by Khalifaziz B.
With funding assistance from the Institute of Museum and Library Services (IMLS) grant project, “A Range of Experiences: Documenting African American Women’s History and Achievements,” the Amistad Research Center invites you to explore the history and art of Senga Nengudi. Nengudi, born Sue Irons on September 18, 1943, is a visual artist notable for her work in sculpture and performance. After studying art and dance at California State University, Los Angeles and Waseda University in Tokyo, Japan, Nengudi went on to create art as part of the Black avant-garde communities of 1960s-1970s Los Angeles and New York City, including Studio Z, a collective known for improvisational and experimental practice. Among her more notable collaborators were fellow Studio Z artists David Hammons and Maren Hassinger. Throughout her career, Senga Nengudi’s work has been exhibited in numerous galleries, including in the Just Above Midtown Gallery in New York City and the Pearl C. Woods Gallery in Los Angeles.
Senga Nengudi’s work deals heavily with transformation; she uses abstract, sometimes shifting forms to convey complex ideas about the “shape” or nature of her subject. Pantyhose and water-filled vinyl bags are two materials Nengudi uses to demonstrate the varied and complex shapes that ideas can hold. The “R.S.V.P.” exhibit is a prime example of this ongoing theme; in this series, Nengudi uses pantyhose to represent the elasticity and transformative nature of the feminine form. The pantyhose were filled with sand, stretched and fixed to gallery walls to demonstrate the ways through which the woman’s body is stretched and transformed by pressure. Her choice of nylon adds a commentary on the irreversibility of some such transformations, as nylon is a material which loses its restorative properties over time, if given sufficient stress.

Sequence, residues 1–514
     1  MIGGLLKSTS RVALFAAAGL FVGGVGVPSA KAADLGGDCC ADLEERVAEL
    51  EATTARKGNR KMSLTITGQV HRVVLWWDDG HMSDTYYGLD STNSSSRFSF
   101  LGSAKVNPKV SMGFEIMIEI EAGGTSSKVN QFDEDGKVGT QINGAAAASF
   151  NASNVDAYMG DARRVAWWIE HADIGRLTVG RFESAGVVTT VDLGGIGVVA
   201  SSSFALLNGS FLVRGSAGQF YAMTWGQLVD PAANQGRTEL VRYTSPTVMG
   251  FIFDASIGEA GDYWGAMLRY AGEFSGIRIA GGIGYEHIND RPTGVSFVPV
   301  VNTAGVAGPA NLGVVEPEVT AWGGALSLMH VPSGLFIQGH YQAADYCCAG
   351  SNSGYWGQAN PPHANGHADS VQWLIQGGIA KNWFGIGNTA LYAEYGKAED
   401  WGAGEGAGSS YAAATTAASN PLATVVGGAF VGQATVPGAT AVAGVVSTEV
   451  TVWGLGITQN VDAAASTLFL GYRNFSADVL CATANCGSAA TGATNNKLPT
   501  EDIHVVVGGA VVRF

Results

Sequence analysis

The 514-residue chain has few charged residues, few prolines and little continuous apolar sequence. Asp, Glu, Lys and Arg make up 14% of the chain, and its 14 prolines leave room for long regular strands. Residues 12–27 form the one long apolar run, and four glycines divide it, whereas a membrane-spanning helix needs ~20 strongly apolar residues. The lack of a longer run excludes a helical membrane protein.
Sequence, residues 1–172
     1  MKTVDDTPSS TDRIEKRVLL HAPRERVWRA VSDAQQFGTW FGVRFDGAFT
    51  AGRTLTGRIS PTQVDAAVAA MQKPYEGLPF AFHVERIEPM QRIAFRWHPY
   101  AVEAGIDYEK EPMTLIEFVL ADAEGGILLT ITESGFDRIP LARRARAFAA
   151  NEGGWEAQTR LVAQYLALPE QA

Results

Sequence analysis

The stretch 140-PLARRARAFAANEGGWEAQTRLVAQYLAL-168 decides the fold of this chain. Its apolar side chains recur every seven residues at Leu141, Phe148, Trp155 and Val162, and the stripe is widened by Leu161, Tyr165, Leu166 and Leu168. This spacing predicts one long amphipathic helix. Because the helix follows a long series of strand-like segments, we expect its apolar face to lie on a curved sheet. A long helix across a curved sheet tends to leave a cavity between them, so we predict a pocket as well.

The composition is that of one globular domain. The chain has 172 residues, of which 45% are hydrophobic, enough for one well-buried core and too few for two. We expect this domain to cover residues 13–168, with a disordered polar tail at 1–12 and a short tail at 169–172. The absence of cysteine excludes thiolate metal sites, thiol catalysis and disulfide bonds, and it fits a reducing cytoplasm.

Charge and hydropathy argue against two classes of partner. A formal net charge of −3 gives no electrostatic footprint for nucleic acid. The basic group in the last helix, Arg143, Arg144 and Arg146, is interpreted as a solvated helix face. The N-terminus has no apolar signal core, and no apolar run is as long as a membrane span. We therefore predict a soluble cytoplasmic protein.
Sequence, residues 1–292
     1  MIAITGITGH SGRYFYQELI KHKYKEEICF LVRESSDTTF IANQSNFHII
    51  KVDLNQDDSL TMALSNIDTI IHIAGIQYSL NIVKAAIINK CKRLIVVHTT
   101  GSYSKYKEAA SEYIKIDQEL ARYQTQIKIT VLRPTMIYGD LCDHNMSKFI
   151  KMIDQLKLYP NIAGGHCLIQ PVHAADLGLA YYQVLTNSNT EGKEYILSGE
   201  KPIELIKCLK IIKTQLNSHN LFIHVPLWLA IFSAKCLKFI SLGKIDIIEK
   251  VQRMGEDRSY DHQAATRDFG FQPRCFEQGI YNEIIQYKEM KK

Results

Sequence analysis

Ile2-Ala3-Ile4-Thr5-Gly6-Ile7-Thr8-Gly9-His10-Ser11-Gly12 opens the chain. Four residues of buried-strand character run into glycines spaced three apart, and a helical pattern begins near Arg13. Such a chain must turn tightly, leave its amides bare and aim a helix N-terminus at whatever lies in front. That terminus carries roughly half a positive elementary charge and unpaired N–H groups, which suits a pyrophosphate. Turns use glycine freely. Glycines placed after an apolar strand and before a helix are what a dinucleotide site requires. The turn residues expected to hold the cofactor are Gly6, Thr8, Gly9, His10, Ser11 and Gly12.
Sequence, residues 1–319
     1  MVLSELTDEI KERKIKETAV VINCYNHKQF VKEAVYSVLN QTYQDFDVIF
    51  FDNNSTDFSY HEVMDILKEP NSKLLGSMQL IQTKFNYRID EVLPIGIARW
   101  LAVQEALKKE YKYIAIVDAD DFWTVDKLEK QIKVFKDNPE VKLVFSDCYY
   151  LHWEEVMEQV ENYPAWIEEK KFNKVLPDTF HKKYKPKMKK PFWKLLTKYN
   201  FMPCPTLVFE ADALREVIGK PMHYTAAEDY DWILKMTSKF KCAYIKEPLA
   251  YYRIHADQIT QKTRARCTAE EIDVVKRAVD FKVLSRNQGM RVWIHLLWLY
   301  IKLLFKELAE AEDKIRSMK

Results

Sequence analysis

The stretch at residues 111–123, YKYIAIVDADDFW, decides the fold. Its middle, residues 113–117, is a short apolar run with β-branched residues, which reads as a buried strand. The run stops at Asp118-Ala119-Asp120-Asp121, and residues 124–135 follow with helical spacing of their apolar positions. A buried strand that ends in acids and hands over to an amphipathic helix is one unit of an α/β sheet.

The Senga Nengudi papers at the Amistad Research Center compile records reflecting more than fifty years of Nengudi’s career. Through documentation and photographs, the Center has collected records of her famous “R.S.V.P.” exhibition as well as “The Concept as Art,” “Studio Z,” “Individual Collective,” “Afro-American Abstraction” and others. The performances “Dance Card” and “The Treader” are also included in the collection in video format along with other performances as audiocassettes, CD-ROMs, DVDs and VHS tapes. The papers contain copies of Senga Nengudi’s 1994 concept and travel diaries, business correspondences and samples of Nengudi’s work, including an original charcoal drawing. Additionally, there are photographs and negatives which feature contemporaries of Nengudi, most notably Maren Hassinger, Ulysses Jenkins, Barbara McCollough and Franklin Parker.
The Senga Nengudi papers are a wonderful resource for fans of Nengudi, the Black avant-garde artistic genre or anyone fascinated with art history. Nengudi’s work truly reflects a unique style and interpretation of the world. We are proud to have her work housed here. Nengudi’s papers are currently being preserved and will be available to researchers equally moved by her style.
This project was made possible in part by the Institute of Museum and Library Services [MH-245560-OMS-20]. Any views, findings, conclusions or recommendations expressed in this blog post do not necessarily represent those of the Institute of Museum and Library Services.
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